With a huge variety of software options available, the industry is fragmenting and collaboration is becoming increasingly hard for freelancers.
It wasn’t all that long ago that web and product designers were presented with a choice: Fireworks, Illustrator, or Photoshop.
All owned by Adobe, they represented an industry that was dominated by one company. You either spent the large sum of money to buy the individual software or entire creative package, or used a lesser-known, less extensive (and expensive) software.
For a while, Adobe continued to innovate with this software, before beginning to rest on their laurels earlier this decade; it opened the door to new and inventive startups like Bohemian Coding—makers of Sketch—who very quickly began to gain a foothold on the web and product design industries. It drew users away from Adobe software at such a speed that they were forced to react. Similar new features were introduced to current software applications, as was a product design-specific software in the form of Adobe XD.
In more recent times we’ve seen the release of an incredible number of new product and web design tools: Figma, InVision, Framer, Gravit, Justinmind, Atomic, Alva, and Affinity Designer make for just a few of the companies to release competing design tools in the last few years.
The competitive element has pushed the product teams to innovate at never-before-seen levels. It’s led to some neat and impressive features around collaboration, prototyping, optimization, and workflows. Not only has it resulted in the end-products being better for the designer, it’s also lead to greater competition on pricing. Long gone are the days of paying hundreds of dollars up front for an Adobe software package. Many applications are now under $100, with others providing their software at a low monthly fee; others like Figma and Alva are entirely free to use for students and individuals.
With so much innovation and competition on pricing, it’s hard to believe there can be any downsides to this more competitive industry. But as in any industry, where a demand is formed and publicized, money and investment follows soon after. Typically this wouldn’t be a negative for the end user, however in the software industry there is more to consider.
Where once there was an industry standard software in Adobe (and later Sketch to some extent), the industry is now fragmented with designers all opting for different software and tools. It has formed an environment where there is great friction when collaborating, working with client files, and working in multiple teams.
Cross-platform compatibility of software—and often a lack thereof in the design industry—only compounds the issue further. No longer is it as simple as expecting a PSD at the end of a project, or syncing a Sketch file across a team. Instead there are so many options that there is no longer a standard format. SVG has its place but is far from usable as a format to share complex designs and prototypes, and collaborate across individuals and teams.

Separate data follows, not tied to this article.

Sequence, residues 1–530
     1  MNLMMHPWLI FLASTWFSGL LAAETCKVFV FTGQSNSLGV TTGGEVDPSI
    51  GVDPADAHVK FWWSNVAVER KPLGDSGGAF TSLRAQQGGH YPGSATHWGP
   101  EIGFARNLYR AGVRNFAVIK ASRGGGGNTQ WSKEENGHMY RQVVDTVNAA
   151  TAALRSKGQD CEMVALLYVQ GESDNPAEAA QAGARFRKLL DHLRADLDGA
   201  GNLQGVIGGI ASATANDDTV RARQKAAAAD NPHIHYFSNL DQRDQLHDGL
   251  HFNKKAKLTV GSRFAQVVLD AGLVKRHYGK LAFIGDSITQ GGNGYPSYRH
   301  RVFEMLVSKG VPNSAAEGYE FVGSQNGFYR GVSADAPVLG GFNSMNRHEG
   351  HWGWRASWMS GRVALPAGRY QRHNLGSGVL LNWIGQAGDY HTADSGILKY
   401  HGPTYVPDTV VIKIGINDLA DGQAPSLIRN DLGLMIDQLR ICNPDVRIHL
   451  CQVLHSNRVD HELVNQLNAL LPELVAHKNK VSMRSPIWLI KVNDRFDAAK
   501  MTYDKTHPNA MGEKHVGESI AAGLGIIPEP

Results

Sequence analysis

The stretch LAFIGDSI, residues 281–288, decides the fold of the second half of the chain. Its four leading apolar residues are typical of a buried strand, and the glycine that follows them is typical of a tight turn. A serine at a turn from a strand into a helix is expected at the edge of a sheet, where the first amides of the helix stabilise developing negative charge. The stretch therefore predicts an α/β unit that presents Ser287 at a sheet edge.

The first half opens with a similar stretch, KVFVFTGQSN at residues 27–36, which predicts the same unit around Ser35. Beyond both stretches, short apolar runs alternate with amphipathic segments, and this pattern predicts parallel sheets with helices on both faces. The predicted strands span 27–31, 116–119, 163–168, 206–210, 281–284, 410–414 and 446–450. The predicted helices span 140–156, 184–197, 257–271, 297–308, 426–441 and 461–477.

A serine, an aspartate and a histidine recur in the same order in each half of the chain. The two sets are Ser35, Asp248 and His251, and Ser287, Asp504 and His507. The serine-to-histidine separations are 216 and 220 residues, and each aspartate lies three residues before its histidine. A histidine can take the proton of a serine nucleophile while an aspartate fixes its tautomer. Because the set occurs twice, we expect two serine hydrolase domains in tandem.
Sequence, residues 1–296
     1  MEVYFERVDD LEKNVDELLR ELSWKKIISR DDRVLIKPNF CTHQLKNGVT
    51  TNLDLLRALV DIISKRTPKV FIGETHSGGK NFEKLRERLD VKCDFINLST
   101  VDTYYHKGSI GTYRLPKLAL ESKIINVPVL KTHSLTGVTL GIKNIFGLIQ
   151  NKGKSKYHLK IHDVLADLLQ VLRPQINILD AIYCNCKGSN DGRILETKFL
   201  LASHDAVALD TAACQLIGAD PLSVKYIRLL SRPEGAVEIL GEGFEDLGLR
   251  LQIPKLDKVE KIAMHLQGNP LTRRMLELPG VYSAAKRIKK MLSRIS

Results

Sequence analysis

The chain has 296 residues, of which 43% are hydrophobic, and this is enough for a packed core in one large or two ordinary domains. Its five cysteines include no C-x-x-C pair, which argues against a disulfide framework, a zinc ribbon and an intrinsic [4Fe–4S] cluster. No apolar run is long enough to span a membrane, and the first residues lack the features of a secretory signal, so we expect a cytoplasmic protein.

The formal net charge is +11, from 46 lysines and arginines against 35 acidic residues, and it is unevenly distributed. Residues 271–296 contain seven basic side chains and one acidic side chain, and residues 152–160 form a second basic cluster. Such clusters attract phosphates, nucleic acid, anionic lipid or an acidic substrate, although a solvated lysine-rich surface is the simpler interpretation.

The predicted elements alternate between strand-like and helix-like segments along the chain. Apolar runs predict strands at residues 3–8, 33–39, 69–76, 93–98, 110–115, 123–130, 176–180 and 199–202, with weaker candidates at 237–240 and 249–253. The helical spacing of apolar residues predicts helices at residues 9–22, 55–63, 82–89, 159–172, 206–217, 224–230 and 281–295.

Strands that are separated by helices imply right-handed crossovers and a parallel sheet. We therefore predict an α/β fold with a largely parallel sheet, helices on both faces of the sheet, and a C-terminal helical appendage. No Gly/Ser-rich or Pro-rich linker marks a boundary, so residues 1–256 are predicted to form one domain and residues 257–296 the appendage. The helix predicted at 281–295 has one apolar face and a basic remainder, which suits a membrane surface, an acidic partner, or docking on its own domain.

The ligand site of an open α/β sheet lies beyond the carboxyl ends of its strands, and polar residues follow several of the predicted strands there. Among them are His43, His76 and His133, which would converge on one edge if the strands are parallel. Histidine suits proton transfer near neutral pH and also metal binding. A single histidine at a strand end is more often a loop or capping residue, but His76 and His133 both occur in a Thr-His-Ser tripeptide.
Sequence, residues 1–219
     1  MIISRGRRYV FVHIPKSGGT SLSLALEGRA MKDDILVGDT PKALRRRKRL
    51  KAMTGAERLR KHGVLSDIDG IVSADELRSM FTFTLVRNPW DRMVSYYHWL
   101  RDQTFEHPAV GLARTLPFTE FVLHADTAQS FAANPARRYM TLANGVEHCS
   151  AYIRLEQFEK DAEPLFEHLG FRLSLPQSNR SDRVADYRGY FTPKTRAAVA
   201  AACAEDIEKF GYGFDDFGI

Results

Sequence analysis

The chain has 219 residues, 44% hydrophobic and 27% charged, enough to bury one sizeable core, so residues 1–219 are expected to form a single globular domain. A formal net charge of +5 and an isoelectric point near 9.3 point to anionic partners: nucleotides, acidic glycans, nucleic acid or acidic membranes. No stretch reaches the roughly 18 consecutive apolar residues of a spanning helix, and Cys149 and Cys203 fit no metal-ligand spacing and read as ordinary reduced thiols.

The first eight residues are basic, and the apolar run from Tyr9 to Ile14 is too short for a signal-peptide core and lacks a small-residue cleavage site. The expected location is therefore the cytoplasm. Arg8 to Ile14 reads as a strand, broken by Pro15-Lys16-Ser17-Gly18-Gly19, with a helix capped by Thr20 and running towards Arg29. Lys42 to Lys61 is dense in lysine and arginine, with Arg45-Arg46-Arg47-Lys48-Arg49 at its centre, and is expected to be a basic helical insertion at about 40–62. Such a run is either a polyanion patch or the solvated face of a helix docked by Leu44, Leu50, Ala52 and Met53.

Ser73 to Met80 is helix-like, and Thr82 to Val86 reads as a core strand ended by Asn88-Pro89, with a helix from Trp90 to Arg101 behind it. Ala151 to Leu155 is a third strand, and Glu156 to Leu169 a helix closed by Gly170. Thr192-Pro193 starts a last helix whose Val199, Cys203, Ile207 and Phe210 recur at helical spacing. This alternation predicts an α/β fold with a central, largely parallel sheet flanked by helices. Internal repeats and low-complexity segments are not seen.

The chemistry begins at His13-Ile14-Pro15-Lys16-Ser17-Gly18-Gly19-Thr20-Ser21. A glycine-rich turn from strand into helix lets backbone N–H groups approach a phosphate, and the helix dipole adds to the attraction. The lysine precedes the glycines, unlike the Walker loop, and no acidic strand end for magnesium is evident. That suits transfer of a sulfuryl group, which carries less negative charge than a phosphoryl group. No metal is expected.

For the up and coming designers of the next generation, it’s making for a complicated scene of design software. There’s no longer a go-to option as there was with Photoshop and Sketch. While that often means there’s greater scope for finding one more specific to your needs and desires, it can otherwise be somewhat overwhelming and off-putting for beginners. It gets even more confusing when a number of software providers maintain different pricing models, operating system compatibilities, and seemingly similar feature sets.
So where once we could suffice with one—possibly two—software applications, we now require multiple. For the freelance designer who is dropping in and out of teams and collaborating with new clients every week, the issue becomes magnified considerably.
To work this situation, they can now be expected to have access to most, if not all of this software and services. It becomes not only complex and overwhelming, but expensive too. It means having multiple applications open at once, resulting in a need for more capable and expensive Mac equipment. It means switching between tools you’re not a fan of, and having to learn new features at quite some pace. And the subscription and up-front costs can land a hefty bill on top of other expenses like business overheads and complementary tools like Marvel and Zeplin.
The situation looks to intensify over the coming years. More and more new applications are launching all the time, with many releasing in just the past six months. Some will come and go, while others will be adopted by a large enough proportion of designers to survive.
In a growing industry with more new designers trying their hand at design every year, there’s a place for most of these tools to survive and flourish. With that will come greater fragmentation and a negative impact on compatibility and collaboration. Teams will adapt and use a chosen software across the company. But freelancers and independent contractors will suffer the brunt of this development, and may eventually determine it as a factor to look to full-time work as a solution.
Unless there becomes a standout among this competing software, the situation looks set to continue driving innovation and competitiveness on price. But this will continue to worsen aspects such as collaboration as time goes on.
The design industry needs to develop some kind of solution. Whether that consists of an industry-standard file type, or a means to export designs to other software, is yet to be determined. Until then, freelancers will have to use workarounds and attempt to form some kind of system which allows them to switch between software and format dependent on client, company, and collaborators.